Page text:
Your Fear Of Millennials Is Not Our Fault
By Gabriella Calabro
While many people in today’s society worry over terrorist attacks, illegal immigration, and the downward spiral of the economy, CEOs and managers have something much more serious to focus on — Millennials.
The generation of people under 30 is graduating college and entering the workforce, and although their main worry is how to find a job in today’s market, their future bosses have other fears.
This generation born between 1982 and 1995 causes so much concern that CBS News 60 Minutes did a report in 2007 titled “The Millennials Are Coming,” that warned people how this generation would affect the workplace. As the Millennials get older and more of them are graduating college, the fear of how managers should handle them also grows’ according to the report.
Dozens of books and articles have been published that advise older generations how to work with Millennials. Although the 60 Minutes report tries to portray this generation in a negative light, they don’t do a very good job. They warn future employers that, “They multitask, talk, walk, listen and type, and text.” How horrible that must be.
The website for Generations at Work lists the characteristics of Millennials as, “Confident, hopeful, goal- and achievement-oriented, civic-minded, and inclusive.” As a part of this generation, it may be more difficult for me to understand, but do the Baby Boomer and Gen X CEOs and bosses want unconfident, unmotivated, lazy employees? That’s what it seems like if these are the traits they are complaining about.
Wallace Fischer, director of operations for The Boston Group of Northwestern Mutual Financial Network, , who has two children and an assistant who are part of the Millennial generation also does not understand the worry. “The limited exposure I have had is positive,” Fischer said. “I sense that this generation has a work ethic that has been missing in previous generations.”
Although he is exactly the audience that the 60 Minutes report tried to target, the message of fear seems to have missed him.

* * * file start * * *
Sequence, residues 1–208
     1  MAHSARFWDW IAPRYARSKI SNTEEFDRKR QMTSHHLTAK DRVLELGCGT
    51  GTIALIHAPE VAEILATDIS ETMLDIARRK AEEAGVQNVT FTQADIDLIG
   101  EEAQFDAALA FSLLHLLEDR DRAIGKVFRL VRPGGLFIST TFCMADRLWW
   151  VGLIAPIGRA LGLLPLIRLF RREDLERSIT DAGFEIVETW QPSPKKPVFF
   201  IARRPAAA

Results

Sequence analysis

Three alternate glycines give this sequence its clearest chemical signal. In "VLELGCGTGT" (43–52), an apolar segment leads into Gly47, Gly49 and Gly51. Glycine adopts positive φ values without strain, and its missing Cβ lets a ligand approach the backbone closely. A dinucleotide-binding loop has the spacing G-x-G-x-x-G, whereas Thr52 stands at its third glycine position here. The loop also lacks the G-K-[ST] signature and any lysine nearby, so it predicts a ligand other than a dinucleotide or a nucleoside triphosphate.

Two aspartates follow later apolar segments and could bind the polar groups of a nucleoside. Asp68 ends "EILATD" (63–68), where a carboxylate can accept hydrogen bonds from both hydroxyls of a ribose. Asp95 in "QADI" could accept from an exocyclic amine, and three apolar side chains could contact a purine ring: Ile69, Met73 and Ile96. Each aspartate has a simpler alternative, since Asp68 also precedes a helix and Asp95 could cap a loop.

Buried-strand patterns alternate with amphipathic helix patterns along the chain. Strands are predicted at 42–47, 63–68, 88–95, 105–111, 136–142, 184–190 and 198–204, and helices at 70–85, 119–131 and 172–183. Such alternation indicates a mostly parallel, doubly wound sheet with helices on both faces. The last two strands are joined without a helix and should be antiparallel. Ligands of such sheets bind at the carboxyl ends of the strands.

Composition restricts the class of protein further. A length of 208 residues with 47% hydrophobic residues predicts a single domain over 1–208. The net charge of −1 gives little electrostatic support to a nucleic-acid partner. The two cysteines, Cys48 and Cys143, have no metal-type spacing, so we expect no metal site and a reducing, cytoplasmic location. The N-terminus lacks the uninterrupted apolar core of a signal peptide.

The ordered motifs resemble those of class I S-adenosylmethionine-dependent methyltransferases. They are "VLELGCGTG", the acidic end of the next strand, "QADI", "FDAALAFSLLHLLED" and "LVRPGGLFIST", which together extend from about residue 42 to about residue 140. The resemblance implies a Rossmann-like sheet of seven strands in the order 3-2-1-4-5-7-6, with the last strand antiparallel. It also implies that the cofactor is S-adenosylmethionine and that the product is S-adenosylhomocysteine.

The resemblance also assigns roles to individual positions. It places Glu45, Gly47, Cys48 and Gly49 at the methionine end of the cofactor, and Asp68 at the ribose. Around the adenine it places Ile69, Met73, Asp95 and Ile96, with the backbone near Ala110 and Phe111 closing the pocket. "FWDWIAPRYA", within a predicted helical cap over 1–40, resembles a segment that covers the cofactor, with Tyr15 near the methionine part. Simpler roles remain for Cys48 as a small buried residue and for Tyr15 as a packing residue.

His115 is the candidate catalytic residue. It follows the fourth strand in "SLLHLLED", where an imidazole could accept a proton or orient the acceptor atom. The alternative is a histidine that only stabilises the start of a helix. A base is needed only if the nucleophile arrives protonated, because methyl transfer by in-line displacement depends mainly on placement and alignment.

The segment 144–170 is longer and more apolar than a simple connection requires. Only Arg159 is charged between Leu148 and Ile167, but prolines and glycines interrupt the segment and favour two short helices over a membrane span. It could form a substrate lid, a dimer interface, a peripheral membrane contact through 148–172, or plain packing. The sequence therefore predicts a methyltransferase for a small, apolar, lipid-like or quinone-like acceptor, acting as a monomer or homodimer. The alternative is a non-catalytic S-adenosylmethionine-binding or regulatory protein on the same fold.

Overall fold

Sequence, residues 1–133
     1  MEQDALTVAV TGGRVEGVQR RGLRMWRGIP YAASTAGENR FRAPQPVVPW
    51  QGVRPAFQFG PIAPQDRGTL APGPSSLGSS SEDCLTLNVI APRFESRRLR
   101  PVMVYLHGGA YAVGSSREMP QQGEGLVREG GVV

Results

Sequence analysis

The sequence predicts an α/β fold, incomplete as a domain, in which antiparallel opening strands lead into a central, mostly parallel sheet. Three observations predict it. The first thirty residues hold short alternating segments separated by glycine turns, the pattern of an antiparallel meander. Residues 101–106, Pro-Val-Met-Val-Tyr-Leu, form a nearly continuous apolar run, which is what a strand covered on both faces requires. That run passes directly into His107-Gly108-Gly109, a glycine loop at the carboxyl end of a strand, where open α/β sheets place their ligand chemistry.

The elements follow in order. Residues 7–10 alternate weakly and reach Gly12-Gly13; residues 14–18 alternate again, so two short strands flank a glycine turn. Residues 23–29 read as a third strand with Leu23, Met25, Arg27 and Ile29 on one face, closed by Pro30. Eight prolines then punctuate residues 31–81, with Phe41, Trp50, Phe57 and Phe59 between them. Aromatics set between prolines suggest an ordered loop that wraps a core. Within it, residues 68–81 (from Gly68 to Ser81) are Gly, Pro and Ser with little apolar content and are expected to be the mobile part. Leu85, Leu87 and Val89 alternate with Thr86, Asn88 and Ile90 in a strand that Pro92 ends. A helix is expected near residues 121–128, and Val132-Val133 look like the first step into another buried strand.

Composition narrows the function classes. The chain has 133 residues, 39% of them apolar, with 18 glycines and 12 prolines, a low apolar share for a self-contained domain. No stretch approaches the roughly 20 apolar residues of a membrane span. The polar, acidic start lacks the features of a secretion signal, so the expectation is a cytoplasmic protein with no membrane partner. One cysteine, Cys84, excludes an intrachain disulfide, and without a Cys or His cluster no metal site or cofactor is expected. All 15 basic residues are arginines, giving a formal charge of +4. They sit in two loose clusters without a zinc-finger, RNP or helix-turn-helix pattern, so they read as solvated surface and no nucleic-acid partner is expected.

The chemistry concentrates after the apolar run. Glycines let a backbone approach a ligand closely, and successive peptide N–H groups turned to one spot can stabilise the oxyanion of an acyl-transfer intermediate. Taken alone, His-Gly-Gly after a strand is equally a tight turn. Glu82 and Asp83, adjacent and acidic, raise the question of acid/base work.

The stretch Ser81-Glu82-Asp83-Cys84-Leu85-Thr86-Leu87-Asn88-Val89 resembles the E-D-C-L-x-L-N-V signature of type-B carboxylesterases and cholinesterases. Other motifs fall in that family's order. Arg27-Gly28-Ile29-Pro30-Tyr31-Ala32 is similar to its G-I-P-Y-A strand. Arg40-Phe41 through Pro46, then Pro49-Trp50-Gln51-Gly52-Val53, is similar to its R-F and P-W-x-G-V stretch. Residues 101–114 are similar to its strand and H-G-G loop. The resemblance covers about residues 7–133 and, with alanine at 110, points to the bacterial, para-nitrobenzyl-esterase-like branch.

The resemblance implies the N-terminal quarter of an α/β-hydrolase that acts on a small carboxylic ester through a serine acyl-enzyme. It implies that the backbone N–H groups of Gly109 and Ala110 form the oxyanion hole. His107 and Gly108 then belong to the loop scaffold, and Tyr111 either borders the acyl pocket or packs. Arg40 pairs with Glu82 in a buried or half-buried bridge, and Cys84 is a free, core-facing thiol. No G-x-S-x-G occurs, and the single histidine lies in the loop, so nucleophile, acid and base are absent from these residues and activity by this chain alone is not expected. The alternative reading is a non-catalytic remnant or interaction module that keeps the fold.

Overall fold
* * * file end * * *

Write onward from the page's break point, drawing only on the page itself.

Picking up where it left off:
The “anti-Millennials movement” seems to lack clarity and structure. We are being penalized for being a generation in which trophies and rewards were given just for participation, and for being a generation who often never heard “no.”
Interestingly, it is not the Millennials’ fault. The children of the generation should not be getting blamed for something that they had no control over. The parents, teachers, coaches, and leaders of the Millennials, all of whom are part of either the Baby Boomers or Generation X, are the ones who encouraged the behavior, and are now the ones who are criticizing the effects of it.
So are they really blaming themselves? Are only people of the Baby Boom generation without kids, or without kids in this generation, writing these articles? This certainly is not clear when reading the articles.
While some people are enraged about what is being said, others seem to understand. “I think people have always been kind of scared of us,” says Lindsay Dowling a 19 year-old college student. “I remember being in middle school and teachers would be intimidated by us. We have an upper hand on technology, and ultimately there’s more of us than there are them, and it makes sense that they’re scared, but that’s not our fault.”
It is natural for the previous generation to be nervous that all their hard work will be disregarded and replaced, but the way they are handling it makes them look childish. They are projecting their fears onto the newer generation and making the younger people look as though they need to be tamed and have no idea what they are doing, when in reality the older generation just does not know how to handle themselves.
Fischer does not show any fear about the new generation. “I’m not nervous, every generation has to learn to lead, and there will always be capable leaders, it’s just finding out who they are,” he said.
It’s comforting to know that some Baby Boomer business people are confident in the Millennials.